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Here we'll explore the nexus of legal rulings, Capitol Hill policy-making, technical standards development, and technological innovation that creates -- and will recreate -- the networked world as we know it. Among the topics we'll touch on: intellectual property conflicts, technical architecture and innovation, the evolution of copyright, private vs. public interests in Net policy-making, lobbying and the law, and more.

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January 19, 2006

Austen making a publishing comeback (from the public domain)

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Posted by Wendy Seltzer

The NYT reports that Headline publishers (an outfit nearly impossible to Google) will be re-issuing Jane Austen classics as "Classic Romances."

Don't look for her anytime soon on Oprah, but Jane Austen, dead since 1817, is about to get a jolt of 21st-century image-making. When it is finished, Austen, the clergyman's daughter whose novels include "Sense and Sensibility," "Pride and Prejudice" and "Emma," will reemerge among the royalty of romance. In May, Headline publishers will issue her six novels as "Classic Romances," with glossy pastel covers depicting dashing dandies and bonneted Regency beauties, Reuters reported yesterday from London.

Yup, even though Austen's books are all in the public domain, so Headline gets no copyright exclusivity in their publication, the publisher still thinks it can make them profitable with clever packaging and marketing. That's probably right. Just as filmmakers could attract audiences to the remakes of Pride and Prejudice or the update to Emma in Clueless, so book publishers can find new audiences who wouldn't want to (or think to) retrieve the dry ascii from Project Gutenberg.

As Headline's search page describes:

All six of Jane Austen's novels are being packaged so they appeal to the fiction-buying public, rather than as either dusty academic texts or film tie-ins. A HUGE untapped market \n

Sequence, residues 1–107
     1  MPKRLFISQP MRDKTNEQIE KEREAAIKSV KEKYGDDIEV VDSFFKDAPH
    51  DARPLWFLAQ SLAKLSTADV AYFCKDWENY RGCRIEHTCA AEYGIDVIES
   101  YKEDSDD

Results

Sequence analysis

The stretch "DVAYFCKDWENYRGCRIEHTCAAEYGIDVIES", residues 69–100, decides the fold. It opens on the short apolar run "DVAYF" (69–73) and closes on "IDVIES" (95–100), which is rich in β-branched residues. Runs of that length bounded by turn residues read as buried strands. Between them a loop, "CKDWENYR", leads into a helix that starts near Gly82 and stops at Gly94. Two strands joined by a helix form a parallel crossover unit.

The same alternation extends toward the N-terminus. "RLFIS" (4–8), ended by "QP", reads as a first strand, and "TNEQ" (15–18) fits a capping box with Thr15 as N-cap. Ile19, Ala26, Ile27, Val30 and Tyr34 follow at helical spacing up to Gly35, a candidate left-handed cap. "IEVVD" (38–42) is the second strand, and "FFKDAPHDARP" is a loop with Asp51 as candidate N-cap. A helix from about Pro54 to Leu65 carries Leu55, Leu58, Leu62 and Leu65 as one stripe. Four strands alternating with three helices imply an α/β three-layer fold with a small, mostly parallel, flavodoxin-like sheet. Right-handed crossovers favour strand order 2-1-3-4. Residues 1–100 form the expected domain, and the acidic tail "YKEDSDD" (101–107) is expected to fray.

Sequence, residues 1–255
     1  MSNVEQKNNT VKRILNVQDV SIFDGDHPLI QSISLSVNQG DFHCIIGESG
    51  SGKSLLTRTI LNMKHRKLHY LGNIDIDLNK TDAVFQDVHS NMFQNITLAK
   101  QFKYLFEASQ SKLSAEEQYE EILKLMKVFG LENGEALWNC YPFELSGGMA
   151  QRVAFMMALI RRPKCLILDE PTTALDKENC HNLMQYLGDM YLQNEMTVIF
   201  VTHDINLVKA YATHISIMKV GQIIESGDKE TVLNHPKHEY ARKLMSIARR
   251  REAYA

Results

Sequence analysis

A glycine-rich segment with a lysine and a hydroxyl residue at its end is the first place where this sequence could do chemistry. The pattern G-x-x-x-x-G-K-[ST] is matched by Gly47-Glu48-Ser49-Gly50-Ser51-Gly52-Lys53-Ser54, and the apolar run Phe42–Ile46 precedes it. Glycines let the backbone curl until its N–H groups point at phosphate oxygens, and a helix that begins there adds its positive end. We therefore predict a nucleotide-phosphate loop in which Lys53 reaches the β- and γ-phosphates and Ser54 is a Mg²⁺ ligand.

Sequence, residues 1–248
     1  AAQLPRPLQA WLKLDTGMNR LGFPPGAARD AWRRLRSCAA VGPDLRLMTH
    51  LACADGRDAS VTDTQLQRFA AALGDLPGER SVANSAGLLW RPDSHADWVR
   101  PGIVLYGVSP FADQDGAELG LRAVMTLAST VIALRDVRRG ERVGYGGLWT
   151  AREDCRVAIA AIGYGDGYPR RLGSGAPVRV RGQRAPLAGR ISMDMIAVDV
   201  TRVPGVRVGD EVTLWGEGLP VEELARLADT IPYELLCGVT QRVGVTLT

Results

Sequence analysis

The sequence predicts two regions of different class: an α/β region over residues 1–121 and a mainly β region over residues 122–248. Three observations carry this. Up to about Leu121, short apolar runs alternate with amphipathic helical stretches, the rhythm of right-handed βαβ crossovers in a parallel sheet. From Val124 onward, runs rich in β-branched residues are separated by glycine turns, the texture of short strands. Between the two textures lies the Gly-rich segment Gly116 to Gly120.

More power to them. It is a truth universally acknowledged, that a publisher in possession of a good audience, must be in want of a text. (with apologies to Jane Austen)

Comments (3) + TrackBacks (0) | Category: IP Markets and Monopolies


COMMENTS

1. Darshan on January 20, 2006 12:47 AM writes...

no

Permalink to Comment

2. Branko Collin on January 20, 2006 1:14 PM writes...

I don't know why you seem to think that Austen has been away, or that she desperately needs an image boost, or that she needs clever marketing to get her books sold, but if you do, you are completely wrong.

Classics outsell the blockbusters of a few years ago by the truckload. Austen in particular: Pride and Prejudics sold 110,000 copies in the USA in 2002.

Permalink to Comment

3. Branko Collin on January 20, 2006 1:21 PM writes...

One of the articles about this (the link you provided is dead) quotes someone as saying:

"In Britain last year, a total of 160,000 copies were sold of all Jane Austen's books compared to 190,000 for just one Danielle Steel novel."

Now try and imagine how many copies of just one Danielle Steel novel will sell in a hundred years. Zero? Zero times zero? 160,000 copies for an author who has been dead for almost 200 years is not that bad. Comparing those sales figures to the hits of today only works when you keep that in mind.

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